Myth: The Americans with Disabilities Act has so many regulations that are very complicated to follow when designing homes with universal design features.
Reality: The ADA does not apply to single family housing unless federal funding was utilized. Private homeowners do not have ADA laws to follow.
Myth: The builder and their subcontractors are used to doing it their way and will not follow my design properly to include universal design features. It’s too hard to change their building process.
Reality: Builders are becoming certified through the National Association of Home Builders in the Certified Aging in Place Specialist program and are learning how to utilize universal design principles. Builders are insisting that their subcontractors read the plans and follow the procedures for building new homes. As products are ordered by the builder, the universal design features are already a part of the design. As builders construct more homes with universal design features, universal design will become the new standard in the building industry.
Myth: A home containing universal design features will be harder to pass a building code inspection.
Reality: By the very nature and definition of universal design, there are no practices that go against federal and state building codes. There are also provisions for local variances should a question arise in the plan review stage.
Myth: Universal design homes have ramps at the front door causing the home to be labeled as a home for a person with a disability.
Reality: In order to create a no step entrance, there are some instances where a ramp at the front door is the only solution. However, by modifying the grade around the home, there are many properties that can be designed with a no step entrance. If ramping is needed elsewhere, such as in the garage, side door, or rear door, the ramp is not visible from the street.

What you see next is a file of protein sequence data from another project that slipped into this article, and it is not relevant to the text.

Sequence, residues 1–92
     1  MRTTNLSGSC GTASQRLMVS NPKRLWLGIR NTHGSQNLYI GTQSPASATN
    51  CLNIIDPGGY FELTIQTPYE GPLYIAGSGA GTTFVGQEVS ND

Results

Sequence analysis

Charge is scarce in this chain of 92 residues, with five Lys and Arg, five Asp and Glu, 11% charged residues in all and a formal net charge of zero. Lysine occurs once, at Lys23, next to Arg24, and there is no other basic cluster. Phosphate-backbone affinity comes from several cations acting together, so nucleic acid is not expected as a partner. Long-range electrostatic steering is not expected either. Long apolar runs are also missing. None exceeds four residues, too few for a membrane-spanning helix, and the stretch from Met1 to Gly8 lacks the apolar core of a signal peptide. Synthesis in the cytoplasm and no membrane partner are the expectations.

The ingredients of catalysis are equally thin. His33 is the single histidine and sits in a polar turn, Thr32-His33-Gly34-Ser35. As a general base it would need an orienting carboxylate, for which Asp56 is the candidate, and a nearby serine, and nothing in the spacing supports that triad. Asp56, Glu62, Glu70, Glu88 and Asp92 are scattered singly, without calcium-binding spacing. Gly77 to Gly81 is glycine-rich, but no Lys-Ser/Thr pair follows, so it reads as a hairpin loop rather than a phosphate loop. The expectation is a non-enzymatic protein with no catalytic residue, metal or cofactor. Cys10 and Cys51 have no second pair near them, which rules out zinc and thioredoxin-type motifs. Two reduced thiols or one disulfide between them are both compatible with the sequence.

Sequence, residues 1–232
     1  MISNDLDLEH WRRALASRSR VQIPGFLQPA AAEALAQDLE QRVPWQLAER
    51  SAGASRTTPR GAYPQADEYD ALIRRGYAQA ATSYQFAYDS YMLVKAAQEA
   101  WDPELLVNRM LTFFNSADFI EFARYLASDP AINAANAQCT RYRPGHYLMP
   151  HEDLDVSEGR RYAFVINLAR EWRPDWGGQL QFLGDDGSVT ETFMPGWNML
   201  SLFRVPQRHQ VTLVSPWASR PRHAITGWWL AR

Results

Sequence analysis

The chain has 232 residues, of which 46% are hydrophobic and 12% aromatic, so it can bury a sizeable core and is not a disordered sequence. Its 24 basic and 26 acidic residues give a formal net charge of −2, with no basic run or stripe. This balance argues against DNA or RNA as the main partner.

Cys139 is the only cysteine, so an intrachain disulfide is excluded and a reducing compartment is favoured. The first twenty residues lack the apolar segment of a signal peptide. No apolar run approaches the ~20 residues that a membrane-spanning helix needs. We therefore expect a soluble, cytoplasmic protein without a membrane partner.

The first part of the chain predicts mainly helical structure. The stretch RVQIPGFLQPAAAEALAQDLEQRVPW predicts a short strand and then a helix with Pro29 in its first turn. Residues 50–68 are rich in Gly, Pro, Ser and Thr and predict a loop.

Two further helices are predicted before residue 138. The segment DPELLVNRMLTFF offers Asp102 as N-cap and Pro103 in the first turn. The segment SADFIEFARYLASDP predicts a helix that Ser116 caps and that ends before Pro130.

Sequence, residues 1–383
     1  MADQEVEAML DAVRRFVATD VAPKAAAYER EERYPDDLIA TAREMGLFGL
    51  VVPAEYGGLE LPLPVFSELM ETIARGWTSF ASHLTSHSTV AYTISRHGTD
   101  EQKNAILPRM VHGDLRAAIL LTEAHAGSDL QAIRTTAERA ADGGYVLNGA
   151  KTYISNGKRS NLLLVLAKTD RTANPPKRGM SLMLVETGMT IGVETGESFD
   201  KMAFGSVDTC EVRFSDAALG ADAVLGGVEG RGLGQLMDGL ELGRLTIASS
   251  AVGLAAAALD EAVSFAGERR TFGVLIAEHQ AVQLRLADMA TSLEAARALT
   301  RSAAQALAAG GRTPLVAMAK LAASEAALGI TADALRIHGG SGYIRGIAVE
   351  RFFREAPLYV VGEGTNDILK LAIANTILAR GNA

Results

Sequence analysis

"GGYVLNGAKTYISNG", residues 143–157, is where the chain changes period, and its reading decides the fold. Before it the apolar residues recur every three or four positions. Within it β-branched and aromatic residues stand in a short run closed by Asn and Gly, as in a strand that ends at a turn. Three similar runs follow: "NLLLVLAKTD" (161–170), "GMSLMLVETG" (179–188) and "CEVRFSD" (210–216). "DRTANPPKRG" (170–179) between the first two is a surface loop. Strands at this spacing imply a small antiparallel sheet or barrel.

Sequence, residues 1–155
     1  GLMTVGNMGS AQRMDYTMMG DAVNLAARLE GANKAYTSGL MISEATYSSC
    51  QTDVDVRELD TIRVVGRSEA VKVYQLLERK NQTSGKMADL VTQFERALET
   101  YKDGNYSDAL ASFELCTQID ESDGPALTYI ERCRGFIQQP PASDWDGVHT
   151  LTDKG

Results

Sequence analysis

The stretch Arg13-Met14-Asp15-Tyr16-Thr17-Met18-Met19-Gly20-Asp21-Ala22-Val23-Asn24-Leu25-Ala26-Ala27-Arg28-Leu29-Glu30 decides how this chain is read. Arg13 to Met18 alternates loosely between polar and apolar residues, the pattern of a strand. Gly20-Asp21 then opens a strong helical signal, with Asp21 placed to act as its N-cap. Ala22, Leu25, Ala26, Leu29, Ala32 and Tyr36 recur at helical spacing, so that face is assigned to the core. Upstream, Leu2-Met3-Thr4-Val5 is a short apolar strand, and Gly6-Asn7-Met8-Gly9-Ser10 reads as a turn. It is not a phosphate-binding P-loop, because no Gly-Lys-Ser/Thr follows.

Myth: Universal design is restricted to building a ranch style home.
Reality: First floor living is the goal for universal design, however, multilevel homes can also be constructed with provisions for access to the upper and lower floors by way of elevators, platform lifts and stair lifts.
Myth: Only a small number of people with disabilities and the elderly will benefit from universal design.
Reality: Universal design is human-centered design. The inclusive design of spaces and products will benefit people of all ages, with or without physical or mental limitations. No one can predict when a short term or long term disability will be a part of our lives. It is far better to plan for homes to accommodate us as we age rather than to be forced out of our homes when circumstances change.
Rosemarie Rossetti, Ph.D. is building a national model universal design home in metropolitan Columbus, Ohio. To learn more about the Universal Design Living Laboratory go to: www.UDLL.com
Contact Rosemarie with your ideas for future articles, questions, and accessible home problems she can solve at: [email protected]